State Senator Frank Ruff and Delegate-elect James Edmunds met with council to discuss area issues and concerns in advance of the upcoming General Assembly session.

The commonwealth is facing additional cuts to the budget above and beyond those already experienced in the current fiscal year, Ruff told council.
Education and public safety have for the most part been spared the cuts seen in other areas, but there are no guarantees for the next round of cuts, Ruff warned.

Town Manager Ted Daniel and Police Chief Ted Binner expressed concerns that the “599” program, which provides financial assistance to localities with police departments, would suffer further cuts.

Currently, 40 cities, nine counties and 126 towns receive “599” funds. The Department of Criminal Justice Services (DCJS) administers the program.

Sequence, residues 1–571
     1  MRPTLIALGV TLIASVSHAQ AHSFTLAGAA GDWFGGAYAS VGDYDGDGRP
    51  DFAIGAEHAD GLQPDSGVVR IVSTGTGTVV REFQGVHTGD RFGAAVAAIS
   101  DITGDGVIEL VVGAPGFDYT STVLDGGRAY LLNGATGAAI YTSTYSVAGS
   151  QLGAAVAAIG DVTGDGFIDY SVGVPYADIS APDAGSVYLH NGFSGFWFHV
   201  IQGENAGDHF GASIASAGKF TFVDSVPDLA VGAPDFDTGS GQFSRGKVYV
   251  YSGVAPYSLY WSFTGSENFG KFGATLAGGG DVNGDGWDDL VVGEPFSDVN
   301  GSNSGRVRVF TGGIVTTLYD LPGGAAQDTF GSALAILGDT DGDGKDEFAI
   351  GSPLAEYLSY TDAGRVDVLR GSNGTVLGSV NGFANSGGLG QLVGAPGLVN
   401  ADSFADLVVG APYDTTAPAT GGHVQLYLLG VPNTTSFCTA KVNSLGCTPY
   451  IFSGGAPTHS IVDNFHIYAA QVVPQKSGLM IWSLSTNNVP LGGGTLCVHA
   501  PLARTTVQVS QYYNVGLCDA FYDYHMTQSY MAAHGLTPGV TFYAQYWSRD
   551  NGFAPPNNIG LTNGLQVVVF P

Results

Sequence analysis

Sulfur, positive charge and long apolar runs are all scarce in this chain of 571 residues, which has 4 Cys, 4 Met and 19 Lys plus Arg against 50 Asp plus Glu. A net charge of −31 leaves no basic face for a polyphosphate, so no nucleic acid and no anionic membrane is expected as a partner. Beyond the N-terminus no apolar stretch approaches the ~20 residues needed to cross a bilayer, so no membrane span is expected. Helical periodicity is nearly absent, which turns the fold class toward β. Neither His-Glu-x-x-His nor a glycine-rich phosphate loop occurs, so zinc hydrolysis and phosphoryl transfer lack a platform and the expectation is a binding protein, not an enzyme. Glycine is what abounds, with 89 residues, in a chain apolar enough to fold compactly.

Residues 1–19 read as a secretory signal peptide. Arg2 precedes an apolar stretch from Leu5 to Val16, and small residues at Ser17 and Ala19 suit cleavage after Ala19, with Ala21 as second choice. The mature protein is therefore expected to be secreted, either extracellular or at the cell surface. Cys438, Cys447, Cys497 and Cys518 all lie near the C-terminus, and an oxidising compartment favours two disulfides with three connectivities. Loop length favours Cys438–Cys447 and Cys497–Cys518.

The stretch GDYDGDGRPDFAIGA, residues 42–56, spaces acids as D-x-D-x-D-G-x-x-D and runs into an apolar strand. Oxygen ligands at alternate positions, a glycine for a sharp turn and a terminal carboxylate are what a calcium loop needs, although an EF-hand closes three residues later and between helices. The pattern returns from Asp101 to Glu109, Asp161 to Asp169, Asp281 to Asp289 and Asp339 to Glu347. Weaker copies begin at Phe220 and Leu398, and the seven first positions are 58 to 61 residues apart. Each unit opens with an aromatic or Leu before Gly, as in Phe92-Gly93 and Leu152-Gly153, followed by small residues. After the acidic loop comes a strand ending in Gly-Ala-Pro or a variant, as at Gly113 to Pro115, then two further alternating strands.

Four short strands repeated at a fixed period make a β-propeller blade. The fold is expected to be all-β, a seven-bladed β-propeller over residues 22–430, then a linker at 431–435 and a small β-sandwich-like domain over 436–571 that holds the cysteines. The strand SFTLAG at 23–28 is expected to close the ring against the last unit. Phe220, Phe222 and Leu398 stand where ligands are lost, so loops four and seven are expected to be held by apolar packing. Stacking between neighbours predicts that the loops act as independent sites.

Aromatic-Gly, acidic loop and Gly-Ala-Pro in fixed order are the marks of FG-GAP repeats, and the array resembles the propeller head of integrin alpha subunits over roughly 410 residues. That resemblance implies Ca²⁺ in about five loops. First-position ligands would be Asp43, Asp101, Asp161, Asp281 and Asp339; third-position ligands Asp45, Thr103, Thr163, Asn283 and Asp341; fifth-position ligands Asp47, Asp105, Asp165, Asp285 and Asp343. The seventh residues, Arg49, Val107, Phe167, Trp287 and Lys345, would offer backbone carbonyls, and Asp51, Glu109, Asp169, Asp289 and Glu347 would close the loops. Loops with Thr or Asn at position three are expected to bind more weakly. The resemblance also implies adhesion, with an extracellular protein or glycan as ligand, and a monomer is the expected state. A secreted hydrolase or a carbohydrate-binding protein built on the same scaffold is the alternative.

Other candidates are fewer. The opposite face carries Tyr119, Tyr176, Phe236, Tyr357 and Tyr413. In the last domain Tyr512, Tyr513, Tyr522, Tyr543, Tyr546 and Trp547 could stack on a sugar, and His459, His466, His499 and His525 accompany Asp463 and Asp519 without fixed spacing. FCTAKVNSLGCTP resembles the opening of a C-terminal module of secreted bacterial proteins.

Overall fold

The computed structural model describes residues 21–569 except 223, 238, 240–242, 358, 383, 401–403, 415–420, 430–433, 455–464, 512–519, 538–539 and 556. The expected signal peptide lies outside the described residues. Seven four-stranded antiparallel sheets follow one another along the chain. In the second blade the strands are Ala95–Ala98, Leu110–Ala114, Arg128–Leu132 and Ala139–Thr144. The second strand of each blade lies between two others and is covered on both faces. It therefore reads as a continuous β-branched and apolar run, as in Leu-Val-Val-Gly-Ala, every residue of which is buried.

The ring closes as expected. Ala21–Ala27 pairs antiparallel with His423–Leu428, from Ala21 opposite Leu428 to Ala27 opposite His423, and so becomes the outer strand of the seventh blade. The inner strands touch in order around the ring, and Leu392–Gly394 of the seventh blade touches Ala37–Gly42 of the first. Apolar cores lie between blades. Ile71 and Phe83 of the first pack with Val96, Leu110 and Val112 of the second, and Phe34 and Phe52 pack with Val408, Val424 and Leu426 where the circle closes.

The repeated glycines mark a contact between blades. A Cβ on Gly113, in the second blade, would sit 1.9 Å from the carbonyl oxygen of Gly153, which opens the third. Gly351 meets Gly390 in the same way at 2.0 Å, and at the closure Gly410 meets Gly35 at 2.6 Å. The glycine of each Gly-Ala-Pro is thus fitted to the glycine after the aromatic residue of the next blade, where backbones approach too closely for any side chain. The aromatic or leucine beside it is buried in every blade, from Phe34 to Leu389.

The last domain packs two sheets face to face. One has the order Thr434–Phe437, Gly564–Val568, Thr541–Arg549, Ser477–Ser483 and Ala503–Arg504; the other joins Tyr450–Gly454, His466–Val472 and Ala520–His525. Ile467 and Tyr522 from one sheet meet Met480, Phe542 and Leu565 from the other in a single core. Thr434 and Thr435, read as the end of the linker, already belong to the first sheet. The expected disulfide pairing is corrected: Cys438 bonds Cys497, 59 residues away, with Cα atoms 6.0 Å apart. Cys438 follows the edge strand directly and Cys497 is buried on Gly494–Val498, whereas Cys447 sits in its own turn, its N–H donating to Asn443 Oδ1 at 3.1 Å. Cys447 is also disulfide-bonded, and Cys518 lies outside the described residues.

Calculations to determine the distribution of “599” funds to localities are performed biennially by DCJS. The funds are allocated by a distribution formula, which uses population, crime rates and social services rates.

Funds for the South Boston Police Department under the “599” program were cut from $377,000 the prior fiscal year to $330,000 for 2009-2010.
“We rely very heavily on “599” funding for this community,” Binner explained to Ruff.

In regards to the hot button issue of transportation, Ruff said maintenance and safety remain the highest priorities, but that new construction would be put on hold.

“Everyone will need to do more with less, and until people start going back to work, we’ll be in this trough,” Ruff said.

Edmunds told council that economic problems are magnified in South Boston and Halifax County, because they rely more on state dollars than urban localities such as those found in Northern Virginia.

“It’s time to think out of the box,” Edmunds added, agreeing with Ruff that if localities can come up with a ‘bare essentials’ list in unison with neighboring communities, a unified voice would help in Richmond.